Since Shadow is a Hitchcock film the domesticity it explores is dark. It is domesticity nonetheless, however, and the picture features sympathetic and complex female characters.

Indeed, the film is primarily experienced through one of those characters, Young Charlie (Teresa Wright). A recent high-school graduate who still lives with her family in an old-fashioned home in Santa Rosa, California, Charlie is restless.

She finds family life tedious and is particularly concerned with that life’s effect on her mother Emma, who seems to spend her days going from one dispiriting household task to another. Charlie senses that she and her mother are trapped. “All I’m waiting for now is a miracle,” she tells her kindly but weak father Joe (Henry Travers).

The miracle comes almost immediately in the form of a prospective visit from her mother’s brother Charlie (the handsome, velvet-voiced Joseph Cotten), after whom young Charlie was named. The namesake feels a special kinship with her uncle, a far-off glamorous figure who sends wonderful presents but rarely shows his face in Santa Rosa.

The family gathers around Uncle Charlie at the dinner table.

Charlie believes she has a psychic bond with Uncle Charlie, a bond Hitchcock famously emphasized from the start of the picture by introducing both Charlies in the same position—lying on a bed looking despondent.

Charlie is even happier when she sees the effect the news of her uncle’s imminent arrival has on her mother Emma (Patricia Collinge). Emma’s voice lifts and her face lights up as she speaks of her long-ago childhood with Uncle Charlie, the spoiled baby of her family.

Uncle Charlie’s arrival is all that Young Charlie and Emma have hoped for. He brings laughter to the house and showers his relatives with gifts. Almost immediately, however, Charlie begins to wonder about her uncle. He has isolated moments of scary violence. He is trying to hide something. And the gorgeous emerald ring he gives her is inscribed with the initials of a dead woman.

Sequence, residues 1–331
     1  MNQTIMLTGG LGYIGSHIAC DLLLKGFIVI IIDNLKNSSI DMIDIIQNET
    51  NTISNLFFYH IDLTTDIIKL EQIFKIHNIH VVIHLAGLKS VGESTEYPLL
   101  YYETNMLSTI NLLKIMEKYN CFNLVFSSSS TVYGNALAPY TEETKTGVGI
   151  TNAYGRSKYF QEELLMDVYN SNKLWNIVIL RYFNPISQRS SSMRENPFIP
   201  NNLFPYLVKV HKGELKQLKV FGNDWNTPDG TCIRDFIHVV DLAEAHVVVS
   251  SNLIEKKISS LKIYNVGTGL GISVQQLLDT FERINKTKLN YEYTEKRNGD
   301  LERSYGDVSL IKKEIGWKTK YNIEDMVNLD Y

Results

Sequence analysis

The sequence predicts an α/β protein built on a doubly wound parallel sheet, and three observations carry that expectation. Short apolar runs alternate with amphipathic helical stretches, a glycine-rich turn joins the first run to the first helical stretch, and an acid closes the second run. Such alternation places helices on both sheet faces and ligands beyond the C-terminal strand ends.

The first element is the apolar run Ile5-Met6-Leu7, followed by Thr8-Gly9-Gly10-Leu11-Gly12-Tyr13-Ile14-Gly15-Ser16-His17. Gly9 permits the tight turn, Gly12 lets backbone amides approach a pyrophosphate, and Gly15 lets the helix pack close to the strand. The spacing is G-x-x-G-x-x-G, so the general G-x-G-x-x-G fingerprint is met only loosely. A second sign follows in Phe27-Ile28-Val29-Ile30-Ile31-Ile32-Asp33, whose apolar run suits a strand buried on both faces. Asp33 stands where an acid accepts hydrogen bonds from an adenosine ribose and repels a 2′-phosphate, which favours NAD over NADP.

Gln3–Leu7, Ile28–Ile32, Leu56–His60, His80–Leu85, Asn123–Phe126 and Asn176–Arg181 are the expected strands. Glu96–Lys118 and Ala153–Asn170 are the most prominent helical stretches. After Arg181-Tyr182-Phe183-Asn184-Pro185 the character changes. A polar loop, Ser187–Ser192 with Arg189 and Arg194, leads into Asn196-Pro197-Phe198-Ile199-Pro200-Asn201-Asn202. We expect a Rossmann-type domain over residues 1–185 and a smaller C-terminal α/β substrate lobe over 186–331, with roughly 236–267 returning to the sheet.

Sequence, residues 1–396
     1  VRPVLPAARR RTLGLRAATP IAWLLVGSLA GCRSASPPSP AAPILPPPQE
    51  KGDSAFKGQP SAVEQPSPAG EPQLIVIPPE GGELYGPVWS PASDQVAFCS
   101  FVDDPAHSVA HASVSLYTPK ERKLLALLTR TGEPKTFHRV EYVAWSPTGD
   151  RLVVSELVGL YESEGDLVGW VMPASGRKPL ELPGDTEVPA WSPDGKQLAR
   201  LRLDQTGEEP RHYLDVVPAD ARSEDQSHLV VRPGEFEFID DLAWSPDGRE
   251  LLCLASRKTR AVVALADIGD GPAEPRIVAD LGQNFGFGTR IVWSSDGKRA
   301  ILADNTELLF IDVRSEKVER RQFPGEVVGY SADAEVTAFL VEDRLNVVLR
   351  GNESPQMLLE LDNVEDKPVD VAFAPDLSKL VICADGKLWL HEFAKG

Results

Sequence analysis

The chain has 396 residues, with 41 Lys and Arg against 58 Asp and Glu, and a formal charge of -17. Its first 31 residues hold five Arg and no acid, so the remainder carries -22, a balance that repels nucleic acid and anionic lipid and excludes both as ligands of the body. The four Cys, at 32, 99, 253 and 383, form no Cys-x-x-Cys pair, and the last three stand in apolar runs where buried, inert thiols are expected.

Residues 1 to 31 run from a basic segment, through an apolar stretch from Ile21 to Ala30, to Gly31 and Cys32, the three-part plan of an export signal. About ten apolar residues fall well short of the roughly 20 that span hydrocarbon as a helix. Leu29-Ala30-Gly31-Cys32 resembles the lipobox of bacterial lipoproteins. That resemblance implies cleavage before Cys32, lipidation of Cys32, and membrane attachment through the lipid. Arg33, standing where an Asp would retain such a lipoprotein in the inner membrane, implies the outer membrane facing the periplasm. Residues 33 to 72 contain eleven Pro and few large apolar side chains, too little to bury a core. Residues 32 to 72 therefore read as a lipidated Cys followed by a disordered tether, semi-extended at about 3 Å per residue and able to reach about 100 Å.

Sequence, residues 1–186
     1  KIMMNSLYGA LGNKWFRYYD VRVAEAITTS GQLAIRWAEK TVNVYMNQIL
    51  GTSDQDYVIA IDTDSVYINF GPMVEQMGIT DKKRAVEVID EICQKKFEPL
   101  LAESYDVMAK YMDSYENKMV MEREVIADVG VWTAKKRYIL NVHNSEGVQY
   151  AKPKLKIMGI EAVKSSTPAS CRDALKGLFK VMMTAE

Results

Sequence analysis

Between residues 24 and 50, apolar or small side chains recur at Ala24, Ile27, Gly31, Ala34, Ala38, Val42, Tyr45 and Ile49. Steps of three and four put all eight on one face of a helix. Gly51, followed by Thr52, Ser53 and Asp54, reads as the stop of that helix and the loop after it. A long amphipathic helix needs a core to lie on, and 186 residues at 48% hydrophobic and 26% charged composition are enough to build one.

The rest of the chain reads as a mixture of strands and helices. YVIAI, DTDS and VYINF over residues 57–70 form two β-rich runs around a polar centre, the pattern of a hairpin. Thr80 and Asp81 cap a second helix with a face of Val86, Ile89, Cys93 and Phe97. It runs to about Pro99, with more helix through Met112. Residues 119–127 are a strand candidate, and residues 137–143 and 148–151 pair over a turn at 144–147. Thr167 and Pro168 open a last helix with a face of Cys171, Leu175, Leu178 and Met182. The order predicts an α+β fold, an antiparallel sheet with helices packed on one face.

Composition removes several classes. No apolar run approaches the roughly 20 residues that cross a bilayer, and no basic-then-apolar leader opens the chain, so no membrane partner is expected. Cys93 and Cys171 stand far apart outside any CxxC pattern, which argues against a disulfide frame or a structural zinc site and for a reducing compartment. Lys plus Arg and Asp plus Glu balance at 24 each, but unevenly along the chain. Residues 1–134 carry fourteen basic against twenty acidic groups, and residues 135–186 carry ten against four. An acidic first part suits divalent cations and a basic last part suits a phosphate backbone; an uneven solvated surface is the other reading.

Young Charlie begins to feel uncomfortable with Uncle Charlie. Papa Joe looks on at right.

Hitchcock brought in Thornton Wilder to work on the screenplay for Shadow. The film was shot on location in Santa Rosa, an attractive, medium-sized town, and the director believed that the playwright of Our Town could add a certain authenticity to this story of America’s heartland.

He did—as did the brilliant cast. Shadow of a Doubt both celebrates and critiques small-town life—and middle-class American life in general.

Like Uncle Charlie, the town of Santa Rosa is beautiful yet contains dark corners.

Like Uncle Charlie, Young Charlie and her mother Emma love the idea of home but long for something more stimulating and ultimately more dangerous.

At the end of the film Young Charlie’s future appears almost as bleak as it does at the beginning. She has survived attempts on her life. Yet she appears doomed to marry the stolid MacDonald Carey and recreate her mother’s humdrum housewifery.

As for Uncle Charlie, he feels forced by fate/fear/insanity to try to kill Young Charlie, whom he really does love.

Perhaps the saddest of the three is Emma. Young Charlie’s mother is devastated when she learns near the end of the picture that her brother plans to leave Santa Rosa, although she is fortunately unaware that he is leaving because he will be arrested or killed if he stays.

“But I can’t bear it if you go, Charles,” she says in near despair. She adds to her guests but most of all to herself, “We were so close growing up, and then Charles went away, and I got married, and you know how it is. You sort of forget you’re you. You’re your husband’s wife……”

Her tearful speech underlines the film’s unsettling portrait of domesticity. Domestic life, Hitchcock and Thornton Wilder tell us, is full of longings, regrets, and even danger. (Young Charlie barely survives two attempts on her life that use the house and its contents as weapons.)